“…a sense of their inhabitants living in, or becoming isolated from, the wider world, allowing moral beliefs to become untethered from the dominant norms and allowing the space for ritualistic, occult, supernatural or preternatural events, actions and consequences to occur.”

A number of those characteristics can be found in The Company of Wolves et al, while their source material is often folk and/or fairy tales and they are all horror films in part. The communities they focus on often do appear isolated and in say Red Riding Hood there appears to be a breakdown of the rule of law and its restrictions on the arbitrary exercise of power, with their isolation enabling such actions to be undertaken in a relatively unfettered manner.

In The Company of Wolves and Red Riding Hood there is a kicking back against the authority and advice given by elders but this is more due to rites of passage rebellion than necessarily due purely to isolation from the wider world.

To a degree Red Riding Hood and Hansel & Gretel Witch Hunters could be considered connected to but not strictly folk horror in the subcultural sense that has flourished in recent years, while The Company of Wolves may possibly be more closely connected or entwined with it. In part those different degrees of closeness and separation are due to the way in which folk horror has often become a genre definition that refers to work of a more cult, subcultural and less mainstream commercial nature.

Such differing degrees of separation may in part be due as much to the mainstream, escapist, commercial and non-cult film nature of Red Riding Hood and Hansel & Gretel Witch Hunters as much as their cultural differences.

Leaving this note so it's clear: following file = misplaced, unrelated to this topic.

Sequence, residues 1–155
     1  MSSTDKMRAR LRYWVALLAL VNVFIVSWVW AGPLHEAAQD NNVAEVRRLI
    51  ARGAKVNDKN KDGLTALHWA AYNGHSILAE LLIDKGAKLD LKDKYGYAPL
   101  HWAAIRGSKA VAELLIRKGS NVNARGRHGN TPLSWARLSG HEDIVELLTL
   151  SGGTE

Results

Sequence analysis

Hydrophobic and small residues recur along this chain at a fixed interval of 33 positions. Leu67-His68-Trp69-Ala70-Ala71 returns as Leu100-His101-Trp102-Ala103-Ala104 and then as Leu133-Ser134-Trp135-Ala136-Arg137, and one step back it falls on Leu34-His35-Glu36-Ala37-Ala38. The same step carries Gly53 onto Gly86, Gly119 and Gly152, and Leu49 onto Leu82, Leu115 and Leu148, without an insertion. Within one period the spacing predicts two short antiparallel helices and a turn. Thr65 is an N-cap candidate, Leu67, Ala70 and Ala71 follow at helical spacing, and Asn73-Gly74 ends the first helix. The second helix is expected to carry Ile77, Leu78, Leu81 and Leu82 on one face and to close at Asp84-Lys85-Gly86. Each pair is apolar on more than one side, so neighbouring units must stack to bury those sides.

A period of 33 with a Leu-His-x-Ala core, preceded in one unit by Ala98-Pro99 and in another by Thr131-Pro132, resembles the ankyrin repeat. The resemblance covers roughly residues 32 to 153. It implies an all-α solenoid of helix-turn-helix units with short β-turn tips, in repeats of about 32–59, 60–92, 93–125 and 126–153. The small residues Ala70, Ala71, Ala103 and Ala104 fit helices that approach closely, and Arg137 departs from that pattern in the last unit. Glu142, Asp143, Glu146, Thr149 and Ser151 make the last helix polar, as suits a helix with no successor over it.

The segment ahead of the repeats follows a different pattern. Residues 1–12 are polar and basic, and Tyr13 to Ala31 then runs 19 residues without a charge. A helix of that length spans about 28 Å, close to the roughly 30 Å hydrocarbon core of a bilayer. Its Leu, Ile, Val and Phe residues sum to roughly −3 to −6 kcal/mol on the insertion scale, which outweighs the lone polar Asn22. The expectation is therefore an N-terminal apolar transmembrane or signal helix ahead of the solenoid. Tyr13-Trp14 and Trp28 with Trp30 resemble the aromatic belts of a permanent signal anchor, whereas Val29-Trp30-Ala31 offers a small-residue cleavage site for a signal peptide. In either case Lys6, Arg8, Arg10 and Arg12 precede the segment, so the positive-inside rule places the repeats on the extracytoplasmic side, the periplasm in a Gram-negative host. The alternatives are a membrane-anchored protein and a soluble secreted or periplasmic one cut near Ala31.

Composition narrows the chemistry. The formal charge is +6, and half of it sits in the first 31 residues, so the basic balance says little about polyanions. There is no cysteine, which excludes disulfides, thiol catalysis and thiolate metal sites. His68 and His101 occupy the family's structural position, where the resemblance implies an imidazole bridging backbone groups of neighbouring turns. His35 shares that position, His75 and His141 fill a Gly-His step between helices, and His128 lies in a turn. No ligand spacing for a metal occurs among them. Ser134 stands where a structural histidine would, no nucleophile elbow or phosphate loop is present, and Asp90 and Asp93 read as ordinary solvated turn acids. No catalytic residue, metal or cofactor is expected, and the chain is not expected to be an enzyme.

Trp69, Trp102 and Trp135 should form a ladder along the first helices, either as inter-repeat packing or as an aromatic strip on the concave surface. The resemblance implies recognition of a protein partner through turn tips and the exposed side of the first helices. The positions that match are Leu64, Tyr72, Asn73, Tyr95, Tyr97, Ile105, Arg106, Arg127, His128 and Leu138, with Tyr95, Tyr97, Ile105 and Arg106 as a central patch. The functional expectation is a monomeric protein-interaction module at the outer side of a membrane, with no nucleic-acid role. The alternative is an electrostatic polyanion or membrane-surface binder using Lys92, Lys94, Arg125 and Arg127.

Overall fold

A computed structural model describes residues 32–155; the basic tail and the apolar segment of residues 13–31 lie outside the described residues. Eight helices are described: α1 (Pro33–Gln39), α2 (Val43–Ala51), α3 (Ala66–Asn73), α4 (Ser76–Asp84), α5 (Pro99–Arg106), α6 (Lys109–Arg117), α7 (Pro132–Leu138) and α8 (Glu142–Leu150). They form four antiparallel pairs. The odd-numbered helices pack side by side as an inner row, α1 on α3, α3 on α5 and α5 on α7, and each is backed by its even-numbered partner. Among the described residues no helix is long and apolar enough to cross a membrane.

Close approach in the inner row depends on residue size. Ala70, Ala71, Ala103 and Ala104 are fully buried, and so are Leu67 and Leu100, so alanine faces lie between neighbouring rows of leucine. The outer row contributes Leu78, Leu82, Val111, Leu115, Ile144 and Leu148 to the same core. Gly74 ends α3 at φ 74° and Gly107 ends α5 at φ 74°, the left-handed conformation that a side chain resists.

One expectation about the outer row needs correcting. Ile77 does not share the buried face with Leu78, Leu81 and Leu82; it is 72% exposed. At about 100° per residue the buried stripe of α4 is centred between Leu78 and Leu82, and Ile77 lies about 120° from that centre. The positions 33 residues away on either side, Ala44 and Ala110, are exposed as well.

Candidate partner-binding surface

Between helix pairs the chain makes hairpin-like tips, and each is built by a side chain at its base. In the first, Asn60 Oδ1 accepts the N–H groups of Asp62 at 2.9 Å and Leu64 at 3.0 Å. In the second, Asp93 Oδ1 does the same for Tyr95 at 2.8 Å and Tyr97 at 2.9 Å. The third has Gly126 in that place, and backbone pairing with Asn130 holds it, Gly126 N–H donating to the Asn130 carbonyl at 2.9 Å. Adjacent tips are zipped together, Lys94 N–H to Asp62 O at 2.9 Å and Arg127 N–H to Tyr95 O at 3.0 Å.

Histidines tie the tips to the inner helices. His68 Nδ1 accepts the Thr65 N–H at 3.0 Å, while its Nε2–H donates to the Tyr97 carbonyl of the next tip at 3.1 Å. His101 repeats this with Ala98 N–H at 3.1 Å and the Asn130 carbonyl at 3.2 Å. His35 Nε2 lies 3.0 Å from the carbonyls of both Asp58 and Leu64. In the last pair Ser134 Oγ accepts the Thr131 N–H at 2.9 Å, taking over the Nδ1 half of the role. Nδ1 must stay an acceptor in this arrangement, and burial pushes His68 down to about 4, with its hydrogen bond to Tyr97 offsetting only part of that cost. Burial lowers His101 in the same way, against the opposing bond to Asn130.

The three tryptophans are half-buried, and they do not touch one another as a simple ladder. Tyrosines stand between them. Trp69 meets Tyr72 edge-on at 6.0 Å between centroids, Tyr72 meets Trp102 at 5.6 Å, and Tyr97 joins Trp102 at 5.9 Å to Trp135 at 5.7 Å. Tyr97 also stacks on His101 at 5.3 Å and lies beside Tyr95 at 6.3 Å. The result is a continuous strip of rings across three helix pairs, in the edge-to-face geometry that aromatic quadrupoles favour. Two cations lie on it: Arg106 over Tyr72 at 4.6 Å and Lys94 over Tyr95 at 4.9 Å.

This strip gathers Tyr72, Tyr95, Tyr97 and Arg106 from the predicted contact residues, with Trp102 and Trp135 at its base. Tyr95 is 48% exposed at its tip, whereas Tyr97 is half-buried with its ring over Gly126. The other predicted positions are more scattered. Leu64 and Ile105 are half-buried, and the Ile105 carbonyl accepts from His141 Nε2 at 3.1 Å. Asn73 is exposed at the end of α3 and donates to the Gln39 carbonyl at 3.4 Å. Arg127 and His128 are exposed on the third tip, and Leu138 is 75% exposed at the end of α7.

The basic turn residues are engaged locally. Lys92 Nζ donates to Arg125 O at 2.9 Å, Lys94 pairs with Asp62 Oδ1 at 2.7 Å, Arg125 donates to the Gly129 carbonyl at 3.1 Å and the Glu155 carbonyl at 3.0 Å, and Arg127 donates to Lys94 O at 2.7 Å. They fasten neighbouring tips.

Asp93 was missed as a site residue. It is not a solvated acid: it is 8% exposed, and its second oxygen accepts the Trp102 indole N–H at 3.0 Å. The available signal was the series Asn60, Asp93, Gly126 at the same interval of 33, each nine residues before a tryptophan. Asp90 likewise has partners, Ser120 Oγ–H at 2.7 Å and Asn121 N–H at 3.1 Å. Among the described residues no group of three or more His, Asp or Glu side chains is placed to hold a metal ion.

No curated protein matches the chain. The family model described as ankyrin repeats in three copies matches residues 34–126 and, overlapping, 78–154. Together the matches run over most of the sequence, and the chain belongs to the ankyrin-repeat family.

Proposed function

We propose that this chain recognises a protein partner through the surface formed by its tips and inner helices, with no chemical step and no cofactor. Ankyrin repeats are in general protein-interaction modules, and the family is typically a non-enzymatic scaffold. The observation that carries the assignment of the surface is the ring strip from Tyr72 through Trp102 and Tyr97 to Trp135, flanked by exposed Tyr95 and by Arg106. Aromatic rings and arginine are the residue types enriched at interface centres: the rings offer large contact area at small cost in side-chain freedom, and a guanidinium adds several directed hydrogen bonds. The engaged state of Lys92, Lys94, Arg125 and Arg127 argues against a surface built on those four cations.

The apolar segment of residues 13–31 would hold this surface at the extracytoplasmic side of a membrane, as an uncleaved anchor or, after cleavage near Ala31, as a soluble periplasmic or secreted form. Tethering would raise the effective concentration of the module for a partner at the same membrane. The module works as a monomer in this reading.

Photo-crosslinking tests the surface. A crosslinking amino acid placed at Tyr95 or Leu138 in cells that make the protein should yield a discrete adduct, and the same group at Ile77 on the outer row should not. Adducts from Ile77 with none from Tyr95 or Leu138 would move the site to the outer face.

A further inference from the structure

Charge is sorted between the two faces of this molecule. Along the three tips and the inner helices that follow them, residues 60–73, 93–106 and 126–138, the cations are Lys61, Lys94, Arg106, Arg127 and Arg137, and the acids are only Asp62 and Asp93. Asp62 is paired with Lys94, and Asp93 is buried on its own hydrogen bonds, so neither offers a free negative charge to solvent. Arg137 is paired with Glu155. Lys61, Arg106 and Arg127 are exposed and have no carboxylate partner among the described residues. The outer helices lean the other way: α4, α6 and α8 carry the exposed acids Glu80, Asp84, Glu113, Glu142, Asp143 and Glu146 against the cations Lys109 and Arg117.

1. The Company of Wolves trailer
  2. The Company of Wolves DVD and Blu-ray
  3. Red Riding Hood’s trailer
  4. Red Riding Hood DVD and Blu-ray
  5. Hansel & Gretel: Witch Hunters DVD and Blu-ray
  6. Hansel & Gretel: Witch Hunters trailer
  7. Folk Horror Revival
  8. The Book of the Lost
  9. A Fiend in the Furrows
  10. Robin Redbreast DVD
  11. The Wicker Man Wikia


Elsewhere at A Year In The Country:

  1. The Dangers of Straying from the Path and Tales of Lycanthropy Part 1 – The Cautionary Warnings of Little Red Riding Hood and The Company of Wolves: Wanderings 38/52
  2. The Dangers of Straying from the Path and Tales of Lycanthropy Part 2 – The Company of Wolves, the Thwarted Pop Career of Danielle Dax and the Bridging of Worlds: Wanderings 39/52
  3. The Dangers of Straying from the Path and Tales of Lycanthropy Part 3 – Hollywood Dons the Red Cloak Once More and Reveals “What They Did Next”: Wanderings 40/52


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The Quietened Mechanisms: Audio Visual Archive 40/52

Artwork variation from The Quietened Mechanisms.


The album is an exploration of abandoned and derelict industry, infrastructure, technology and equipment that once upon a time helped to create, connect and sustain society.

It wanders amongst deserted factories, discarded machinery, closed mines, mills and kilns and their echoes and remains; taking a moment or two to reflect on these once busy, functioning centres of activity and the sometimes sheer scale or amount of effort and human endeavour that was required to create and operate such structures and machines, many of which are now just left to fade away.

Features music and accompanying text on the tracks by Howlround, Grey Frequency, Listening Center, Sproatly Smith, Embertides, Keith Seatman, Time Attendant, A Year In The Country, Dom Cooper, Field Lines Cartographer, Vic Mars, Depatterning, Pulselovers, Quaker’s Stang, The Heartwood Institute and Spaceship.


“The theme of the… collection is the end of Britain’s industrial revolution, a period of social and geological turmoil whose ruins still litter the landscape, especially in the Midlands and North of England. This isn’t industrial nostalgia… but an often poignant commemoration.” John Coulthart, Feuilleton


Elsewhere at A Year In The Country:


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Echoes And Reverberations Reviews and Broadcasts (and Something of a Revisiting of The Quietened Village, The Corn Mother, The Quietened Bunker, The Watchers, The Quietened Mechanisms and All The Merry Year Round)